Torture can lead to wrongful convictions and the execution of innocent people. Lawyers and human rights activists believe that there are many cases where the person executed was innocent.

Human Rights Watch is also concerned by the use of the death penalty by special courts like the anti-terrorism, narcotics and military courts, all of which fail to deliver fair trials, not least because these courts are not independent of the executive. Appointments to the special courts are meant to be made in consultation with the High Courts, but this requirement is often ignored.

Due process of law is also violated when the prisoner is denied an adequate opportunity to present a defense. Of special concern in death penalty cases is the right to counsel. Individuals sentenced to death are disproportionately poor and unable to afford competent counsel. Poor people lack access to competent counsel at both the trial and appellate stages. According to one study on condemned prisoners conducted in 2002, 71 percent of condemned prisoners in the North West Frontier Province were uneducated and over half (51 percent) had a monthly income below Rs 4,000 (US$50). The average fee for an appeal to the High Court in murder cases is around Rs 60,000 (about US$900). This creates an unequal system of justice, in which those with financial or political resources are able to obtain better legal services and avoid the death penalty.

State-funded legal counsel in death penalty cases in Pakistan is wholly inadequate. In cases where the possible punishment is death or imprisonment for life and the defendant is unrepresented, or declares him or herself financially unable to afford counsel, the court is obliged to engage a lawyer at state expense. Lawyers who voluntarily place their names on a list maintained for this purpose are paid a paltry Rs 200 per hearing (less than US$5). It is therefore not surprising that the Pauper Counsel list is mainly composed of either young and inexperienced lawyers or those without briefs—lawyers who should not be representing persons in death penalty cases. Pakistani law provides no redress or remedy on the grounds of incompetent or ineffective legal representation. In many death penalty cases it appears that the absence of effective counsel is the difference between whether the death penalty is confirmed or set aside. Thus, many end up receiving the death penalty, not for the worst crime, as international law requires, but for the worst lawyer.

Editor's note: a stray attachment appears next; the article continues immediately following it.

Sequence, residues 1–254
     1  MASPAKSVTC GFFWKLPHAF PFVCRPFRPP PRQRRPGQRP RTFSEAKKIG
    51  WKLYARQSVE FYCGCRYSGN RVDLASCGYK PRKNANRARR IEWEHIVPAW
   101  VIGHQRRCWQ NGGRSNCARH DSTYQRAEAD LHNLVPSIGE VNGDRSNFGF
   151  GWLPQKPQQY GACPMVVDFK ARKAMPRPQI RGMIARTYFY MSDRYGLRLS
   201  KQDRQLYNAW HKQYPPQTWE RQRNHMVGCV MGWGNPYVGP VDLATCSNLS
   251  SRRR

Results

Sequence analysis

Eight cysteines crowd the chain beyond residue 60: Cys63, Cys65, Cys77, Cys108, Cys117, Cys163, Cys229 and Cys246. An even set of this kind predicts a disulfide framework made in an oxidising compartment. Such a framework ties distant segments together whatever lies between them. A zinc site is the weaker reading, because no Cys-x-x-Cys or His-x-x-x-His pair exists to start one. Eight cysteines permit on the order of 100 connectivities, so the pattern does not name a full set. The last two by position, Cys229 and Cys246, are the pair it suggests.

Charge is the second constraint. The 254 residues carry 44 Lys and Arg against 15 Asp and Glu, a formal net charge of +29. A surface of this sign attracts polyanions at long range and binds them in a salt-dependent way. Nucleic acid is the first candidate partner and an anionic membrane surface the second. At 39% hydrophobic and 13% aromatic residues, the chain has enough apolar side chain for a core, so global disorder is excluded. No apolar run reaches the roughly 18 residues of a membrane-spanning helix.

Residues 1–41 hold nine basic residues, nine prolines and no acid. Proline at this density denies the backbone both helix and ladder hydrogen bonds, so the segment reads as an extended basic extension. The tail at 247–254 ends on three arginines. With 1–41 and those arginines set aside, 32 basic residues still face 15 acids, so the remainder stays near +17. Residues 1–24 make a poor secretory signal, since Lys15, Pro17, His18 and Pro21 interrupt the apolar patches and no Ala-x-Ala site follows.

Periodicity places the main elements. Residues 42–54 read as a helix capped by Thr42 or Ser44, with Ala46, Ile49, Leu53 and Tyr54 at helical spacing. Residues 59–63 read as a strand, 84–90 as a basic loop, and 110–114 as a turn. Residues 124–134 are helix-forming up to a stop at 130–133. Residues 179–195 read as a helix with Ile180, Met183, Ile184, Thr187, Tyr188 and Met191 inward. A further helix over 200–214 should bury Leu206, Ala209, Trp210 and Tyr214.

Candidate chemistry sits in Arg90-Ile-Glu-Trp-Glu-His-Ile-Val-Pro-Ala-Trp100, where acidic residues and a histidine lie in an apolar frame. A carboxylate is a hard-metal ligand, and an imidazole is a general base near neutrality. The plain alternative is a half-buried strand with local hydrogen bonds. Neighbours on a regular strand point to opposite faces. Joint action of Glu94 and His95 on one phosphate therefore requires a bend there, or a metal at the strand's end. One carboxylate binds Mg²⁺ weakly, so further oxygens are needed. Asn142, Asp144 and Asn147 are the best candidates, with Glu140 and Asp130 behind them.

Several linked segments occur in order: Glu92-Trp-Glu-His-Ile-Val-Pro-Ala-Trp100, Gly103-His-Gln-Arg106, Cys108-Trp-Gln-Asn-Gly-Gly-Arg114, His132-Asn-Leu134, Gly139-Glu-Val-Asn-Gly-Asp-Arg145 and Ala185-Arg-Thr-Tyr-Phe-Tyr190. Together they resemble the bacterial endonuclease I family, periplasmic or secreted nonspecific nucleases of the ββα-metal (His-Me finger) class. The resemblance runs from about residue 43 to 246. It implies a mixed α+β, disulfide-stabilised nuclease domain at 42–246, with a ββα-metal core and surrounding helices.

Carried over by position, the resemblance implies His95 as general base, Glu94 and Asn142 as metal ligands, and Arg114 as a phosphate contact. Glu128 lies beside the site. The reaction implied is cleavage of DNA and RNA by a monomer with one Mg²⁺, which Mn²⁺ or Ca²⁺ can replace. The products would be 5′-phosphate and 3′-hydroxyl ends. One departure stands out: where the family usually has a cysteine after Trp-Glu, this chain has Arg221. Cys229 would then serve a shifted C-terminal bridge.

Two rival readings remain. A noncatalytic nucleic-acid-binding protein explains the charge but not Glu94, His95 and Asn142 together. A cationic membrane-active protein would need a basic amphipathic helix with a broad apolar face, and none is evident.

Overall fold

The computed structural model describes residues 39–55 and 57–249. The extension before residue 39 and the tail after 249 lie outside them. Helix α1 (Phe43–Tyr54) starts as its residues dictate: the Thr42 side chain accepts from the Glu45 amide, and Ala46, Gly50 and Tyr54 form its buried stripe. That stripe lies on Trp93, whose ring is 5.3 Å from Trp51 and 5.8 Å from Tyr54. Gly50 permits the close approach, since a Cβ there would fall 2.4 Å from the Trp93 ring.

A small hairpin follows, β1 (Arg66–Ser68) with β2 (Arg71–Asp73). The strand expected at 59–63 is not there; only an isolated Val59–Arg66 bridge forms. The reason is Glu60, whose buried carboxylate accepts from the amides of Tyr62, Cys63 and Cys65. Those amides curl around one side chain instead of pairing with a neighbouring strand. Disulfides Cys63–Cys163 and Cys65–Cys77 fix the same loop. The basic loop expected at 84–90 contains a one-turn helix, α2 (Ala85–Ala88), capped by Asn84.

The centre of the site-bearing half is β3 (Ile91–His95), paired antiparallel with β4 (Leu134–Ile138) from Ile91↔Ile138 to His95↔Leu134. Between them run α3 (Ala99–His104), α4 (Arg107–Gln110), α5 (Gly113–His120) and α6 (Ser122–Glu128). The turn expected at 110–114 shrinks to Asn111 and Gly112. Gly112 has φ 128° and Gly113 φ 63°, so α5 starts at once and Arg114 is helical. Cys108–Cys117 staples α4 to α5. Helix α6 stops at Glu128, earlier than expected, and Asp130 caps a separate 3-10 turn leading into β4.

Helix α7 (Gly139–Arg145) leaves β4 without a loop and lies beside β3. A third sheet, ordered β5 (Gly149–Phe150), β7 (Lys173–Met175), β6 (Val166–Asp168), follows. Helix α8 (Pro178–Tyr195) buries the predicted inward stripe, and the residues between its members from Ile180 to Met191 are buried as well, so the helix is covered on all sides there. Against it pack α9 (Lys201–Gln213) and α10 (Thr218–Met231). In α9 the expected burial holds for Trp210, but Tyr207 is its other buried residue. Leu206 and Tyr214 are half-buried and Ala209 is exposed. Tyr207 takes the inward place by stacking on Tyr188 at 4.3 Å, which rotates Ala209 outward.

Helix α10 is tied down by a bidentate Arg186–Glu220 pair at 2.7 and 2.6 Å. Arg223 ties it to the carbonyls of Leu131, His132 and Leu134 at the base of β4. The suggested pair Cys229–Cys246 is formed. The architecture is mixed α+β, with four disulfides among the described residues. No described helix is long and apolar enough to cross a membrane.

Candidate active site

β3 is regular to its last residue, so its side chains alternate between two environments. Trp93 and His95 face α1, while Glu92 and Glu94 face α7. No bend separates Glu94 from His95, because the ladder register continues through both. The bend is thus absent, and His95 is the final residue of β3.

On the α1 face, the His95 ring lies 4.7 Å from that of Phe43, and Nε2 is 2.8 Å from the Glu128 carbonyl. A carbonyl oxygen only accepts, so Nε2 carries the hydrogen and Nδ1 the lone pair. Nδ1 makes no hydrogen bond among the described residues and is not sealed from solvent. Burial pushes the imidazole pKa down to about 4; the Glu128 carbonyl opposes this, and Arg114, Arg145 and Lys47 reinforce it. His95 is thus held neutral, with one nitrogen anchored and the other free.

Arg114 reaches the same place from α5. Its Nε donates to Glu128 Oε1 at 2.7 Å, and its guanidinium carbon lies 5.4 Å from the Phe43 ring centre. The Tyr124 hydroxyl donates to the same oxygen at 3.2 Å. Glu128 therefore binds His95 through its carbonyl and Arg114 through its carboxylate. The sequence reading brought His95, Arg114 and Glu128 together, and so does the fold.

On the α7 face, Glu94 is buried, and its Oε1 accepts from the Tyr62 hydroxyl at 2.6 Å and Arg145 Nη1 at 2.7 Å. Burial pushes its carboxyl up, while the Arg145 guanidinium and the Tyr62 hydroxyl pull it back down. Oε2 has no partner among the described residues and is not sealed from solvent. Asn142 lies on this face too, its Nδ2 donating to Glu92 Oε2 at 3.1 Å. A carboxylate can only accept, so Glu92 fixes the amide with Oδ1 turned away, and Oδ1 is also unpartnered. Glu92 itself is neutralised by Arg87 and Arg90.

A recent case that resulted in an execution highlighted several problems, including lack of access to counsel, torture in custody, and possible religious bias. In 2003, an illiterate army janitor named Zahid Masih was arrested along with three others for allegedly molesting and murdering the child of an army officer. Masih’s family was not told of his whereabouts for more than two years, until after he was convicted without counsel on March 10, 2006 by a military court. The court sentenced Masih, a Christian, to death while acquitting the other three accused (who were all Muslim). Masih was allegedly tortured for 28 days and made a series of confessions. He also maintained that some army officers and their orderlies had convinced him that he would be absolved of charges if he confessed. On March 12, 2008, Masih was hanged in Peshawar Central Prison.